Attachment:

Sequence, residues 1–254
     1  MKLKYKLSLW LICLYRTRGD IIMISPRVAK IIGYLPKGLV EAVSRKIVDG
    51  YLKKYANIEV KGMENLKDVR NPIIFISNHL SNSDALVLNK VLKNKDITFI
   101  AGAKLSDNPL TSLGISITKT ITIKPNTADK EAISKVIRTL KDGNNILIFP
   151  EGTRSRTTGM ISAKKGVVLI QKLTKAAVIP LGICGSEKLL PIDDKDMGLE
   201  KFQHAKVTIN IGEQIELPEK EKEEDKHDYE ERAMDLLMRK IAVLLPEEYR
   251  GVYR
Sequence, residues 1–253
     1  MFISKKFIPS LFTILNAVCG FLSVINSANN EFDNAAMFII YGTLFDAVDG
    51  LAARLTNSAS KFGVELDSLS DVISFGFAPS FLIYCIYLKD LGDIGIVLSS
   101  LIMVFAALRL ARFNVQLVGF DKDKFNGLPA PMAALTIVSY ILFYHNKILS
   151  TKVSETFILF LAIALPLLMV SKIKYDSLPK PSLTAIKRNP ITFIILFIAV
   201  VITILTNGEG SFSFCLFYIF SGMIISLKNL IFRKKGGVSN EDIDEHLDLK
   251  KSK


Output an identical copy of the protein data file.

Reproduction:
Sequence, residues 1–254
     1  MKLKYKLSLW LICLYRTRGD IIMISPRVAK IIGYLPKGLV EAVSRKIVDG
    51  YLKKYANIEV KGMENLKDVR NPIIFISNHL SNSDALVLNK VLKNKDITFI
   101  AGAKLSDNPL TSLGISITKT ITIKPNTADK EAISKVIRTL KDGNNILIFP
   151  EGTRSRTTGM ISAKKGVVLI QKLTKAAVIP LGICGSEKLL PIDDKDMGLE
   201  KFQHAKVTIN IGEQIELPEK EKEEDKHDYE ERAMDLLMRK IAVLLPEEYR
   251  GVYR
Sequence, residues 1–253
     1  MFISKKFIPS LFTILNAVCG FLSVINSANN EFDNAAMFII YGTLFDAVDG
    51  LAARLTNSAS KFGVELDSLS DVISFGFAPS FLIYCIYLKD LGDIGIVLSS
   101  LIMVFAALRL ARFNVQLVGF DKDKFNGLPA PMAALTIVSY ILFYHNKILS
   151  TKVSETFILF LAIALPLLMV SKIKYDSLPK PSLTAIKRNP ITFIILFIAV
   201  VITILTNGEG SFSFCLFYIF SGMIISLKNL IFRKKGGVSN EDIDEHLDLK
   251  KSK